On 05/17/2014 11:06 PM, JvR O wrote:
In general adding a route with the "ip" commandline utility will only make that change temporarily.
At any rate, it's not the virtualization host that needs a route added (there will already be a direct route for that added when the bridge is created), but *all the other machines on your network* (or at least the default router) that will need a route added. (Or possibly I've misunderstood the mistake you made, and you actually tried to enter the above route on some other machine on the network, not the virtualization host itself. In that case, the reason it didn't work when you first added the route is because you have the wrong destination)
For example, if your virtualization host has a physical ethernet adapter at 10.0.0.40, and you've created a libvirt network with forward mode='route' and an ip address of 192.168.20.1, all other hosts on the physical network will need to know how to get to machines on the 192.168.20.1 network; this is done by adding a route equivalent to this on (at least) the default router for the 10.0.0.0 network:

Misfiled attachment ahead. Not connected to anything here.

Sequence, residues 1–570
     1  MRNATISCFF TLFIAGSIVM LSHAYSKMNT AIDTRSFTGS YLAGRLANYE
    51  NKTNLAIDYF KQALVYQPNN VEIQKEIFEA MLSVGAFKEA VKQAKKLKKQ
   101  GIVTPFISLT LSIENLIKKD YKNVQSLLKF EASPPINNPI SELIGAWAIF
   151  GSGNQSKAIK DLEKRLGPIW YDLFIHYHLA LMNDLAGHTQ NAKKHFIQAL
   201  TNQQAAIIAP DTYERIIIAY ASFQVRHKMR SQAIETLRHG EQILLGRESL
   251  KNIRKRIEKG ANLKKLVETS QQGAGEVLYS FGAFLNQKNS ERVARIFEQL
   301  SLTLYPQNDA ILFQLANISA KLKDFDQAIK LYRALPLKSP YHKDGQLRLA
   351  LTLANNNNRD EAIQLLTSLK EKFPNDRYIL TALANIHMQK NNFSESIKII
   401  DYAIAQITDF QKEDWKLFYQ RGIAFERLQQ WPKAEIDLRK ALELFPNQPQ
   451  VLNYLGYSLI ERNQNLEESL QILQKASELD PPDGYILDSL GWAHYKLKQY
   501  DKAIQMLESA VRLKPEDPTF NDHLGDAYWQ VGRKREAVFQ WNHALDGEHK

Likewise, on any other subnet that isn't on the far side of a NAT gateway, you will need to add a route with destination 192.168.20.0/24 with the gateway being the local-subnet IP address of some router that is also connected to the 10.0.0.0 network.
Beyond this short explanation, this really is a straight networking question, not virtualization-related, so you could be better serviced by looking up some IP routing FAQs.
Because the machines out on the physical network do not have access to the routing table on your virtualization host, and have no idea where 192.168.1.15 is anyway. The rule for a useful route is that the destination should be some subnet that none of the local machine's interfaces are directly connected to, and the gateway must be an address that *is* on a subnet directly connected to one of the machine's interfaces.